I’ve mentioned previously this newsletter isn’t about a single father striving to balance work while raising a special needs child. In a couple of weeks, I will have been married for 11 years. Asa is the youngest of our three boys.
I thought it most fitting on Mother’s Day to pay tribute to Asa’s mother for her incredible advocacy on his behalf.
From the day Talya realized something wasn’t quite right with Asa, she has dedicated her substantial intellect, emotional strength and resilience to discovering what is different about him and how we might be able to help him. She chronicles some of these challenges on a public Facebook page, Adventures with Asa. But I would like to tell you a little bit of her story with less humility than she does.
Talya’s advocacy for Asa
If there is a Special Forces of parenting, the chief advocate for a disabled child automatically qualifies.
Typically, Talya’s background and advantages would guarantee successful results in getting Asa the help he needs. However, in the United States, achieving even mild results when facing a complex and frustrating health care system is an astonishing accomplishment. Let’s size up the combatants:
In Asa’s corner is a woman who:
Excelled academically at what is often ranked as the best private high school in Texas, and earned a National Merit Scholarship, which covered her full tuition at the University of Texas at Austin
Earned a BA in a liberal arts honors program at the UT, in addition to three other subject majors, graduating with high honors, and then completed Masters-level course work at Vanderbilt
Earned a JD from Georgetown University Law Center, a top 15 law school, and became a member of the Texas Bar
Clerked for a Texas Supreme Court Justice, completed a summer internship with a law firm, taught history at a private high school, tutored extensively and performed legal work for several firms
Yet, even with this background, she has met the challenge of her life, because in the other corner is an infamously worthy opponent: America’s unrelenting health care bureaucracy, rife with what seems — to those who attempt to use it — to be stunning incompetence, but more likely is purposeful, exploitative misconduct.
Recounting the litany of issues plaguing our health care system gets a bit tedious, but here are a few ways that Talya has observed the system to result in inaccurate or excessive charges and unreasonably delayed or complete deprivation of services for Asa:
Refusal to provide policy language or details that would enable us to know how to qualify for services
Administrative incompetence, ranging from numerous lost faxes to improperly applied billing codes to constantly providing inaccurate information
Denial of coverage for services that should clearly be covered under any sane interpretation of the insurance policy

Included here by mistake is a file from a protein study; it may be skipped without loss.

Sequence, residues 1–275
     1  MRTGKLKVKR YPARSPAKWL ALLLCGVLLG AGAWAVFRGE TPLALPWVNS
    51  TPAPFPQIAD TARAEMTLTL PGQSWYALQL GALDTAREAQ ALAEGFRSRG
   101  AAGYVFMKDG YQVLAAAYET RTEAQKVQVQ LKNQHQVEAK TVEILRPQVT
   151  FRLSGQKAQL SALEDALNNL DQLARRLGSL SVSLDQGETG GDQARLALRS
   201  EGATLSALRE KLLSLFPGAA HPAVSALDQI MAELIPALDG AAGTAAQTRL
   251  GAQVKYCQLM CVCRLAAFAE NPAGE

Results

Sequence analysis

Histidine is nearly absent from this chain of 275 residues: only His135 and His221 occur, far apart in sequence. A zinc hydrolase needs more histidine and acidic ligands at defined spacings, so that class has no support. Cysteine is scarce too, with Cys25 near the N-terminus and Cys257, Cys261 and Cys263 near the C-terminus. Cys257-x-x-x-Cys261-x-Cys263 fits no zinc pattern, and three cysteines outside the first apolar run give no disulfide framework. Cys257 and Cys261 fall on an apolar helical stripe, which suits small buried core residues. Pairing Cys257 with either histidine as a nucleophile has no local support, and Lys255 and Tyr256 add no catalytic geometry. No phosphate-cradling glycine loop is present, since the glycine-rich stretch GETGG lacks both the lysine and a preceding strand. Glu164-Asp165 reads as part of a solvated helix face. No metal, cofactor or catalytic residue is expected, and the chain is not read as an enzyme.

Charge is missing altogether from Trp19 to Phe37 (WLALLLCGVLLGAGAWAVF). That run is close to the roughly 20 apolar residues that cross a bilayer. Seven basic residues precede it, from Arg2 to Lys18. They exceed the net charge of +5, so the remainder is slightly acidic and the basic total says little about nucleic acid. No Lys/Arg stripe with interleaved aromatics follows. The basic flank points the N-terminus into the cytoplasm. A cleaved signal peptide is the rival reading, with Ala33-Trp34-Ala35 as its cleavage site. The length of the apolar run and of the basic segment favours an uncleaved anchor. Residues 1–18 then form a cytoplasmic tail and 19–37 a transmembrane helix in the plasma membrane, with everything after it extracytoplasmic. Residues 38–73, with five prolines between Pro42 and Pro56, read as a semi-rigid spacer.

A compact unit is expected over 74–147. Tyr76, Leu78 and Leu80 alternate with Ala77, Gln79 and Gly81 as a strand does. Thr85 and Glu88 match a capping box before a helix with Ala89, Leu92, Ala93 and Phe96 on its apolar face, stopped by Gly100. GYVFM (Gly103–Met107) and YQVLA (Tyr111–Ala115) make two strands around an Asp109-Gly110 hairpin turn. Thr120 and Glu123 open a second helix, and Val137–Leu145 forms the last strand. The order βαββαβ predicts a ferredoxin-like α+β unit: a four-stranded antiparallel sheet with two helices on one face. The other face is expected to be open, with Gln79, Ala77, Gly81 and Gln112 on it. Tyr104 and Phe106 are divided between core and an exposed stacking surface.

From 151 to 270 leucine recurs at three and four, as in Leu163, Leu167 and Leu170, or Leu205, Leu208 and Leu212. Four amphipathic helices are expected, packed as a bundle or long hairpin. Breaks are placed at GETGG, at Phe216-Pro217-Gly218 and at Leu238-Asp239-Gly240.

Denial of coverage for illogical and sometimes plainly ridiculous reasons
A whole host of preposterous situations, including that fun time an urgent care provider, which lists our exact insurance plan on their website as “in-network” charged us as “out-of-network,” on the grounds that their doctors are not “in-network,” only the facility.
Many people run into these types of situations with our health system here or there, but special needs parents run into them on a neverending basis.
It is to our advantage that Talya has never been much interested in a career, allowing her to devote many more hours advocating for Asa than most parents.
When we met while she was attending law school, Talya informed me what she really wanted to do and eventually did it: stay at home with the kids and homeschool them starting in first grade, while also managing the household, including our finances.
She has vigorously provided our kids an education designed to make learning about the world and searching for the truth the most important pursuit of their lives.
Unfortunately, an inordinate amount of Talya’s time is now spent as a warrior fighting health care battles for Asa. She did not plan for it and she did not want it, but it too has mostly fallen on her very capable shoulders.
Asa’s heartbreaking diagnosis
I will discuss in a future post Talya’s superhuman efforts to do everything she possibly could to help Asa overcome his obstacles.
But first, I want to pause to recognize the day of Asa’s diagnosis is the day a mother lost her child. The Asa we thought we had was no more.
The hope of a high-functioning autistic child vanished. No amount of therapy would bring about the desired results. The doctor who said Asa would likely not be the president of his fraternity, but should be otherwise okay, was unbelievably wrong.
The terms of the test had changed. No one would be acing this exam. All of Talya’s hard work and all of her future hard work would likely only bring about the most modest improvements.
She cried and cried for weeks. I wept with her, but silently, somewhat stoically, mired in denial and shock. The photos and videos of a happy, healthy child in his first year of life now haunted us.
Our aspirations for Asa from the day he first drew breath would not come to pass. The world we had known our entire lives was no more.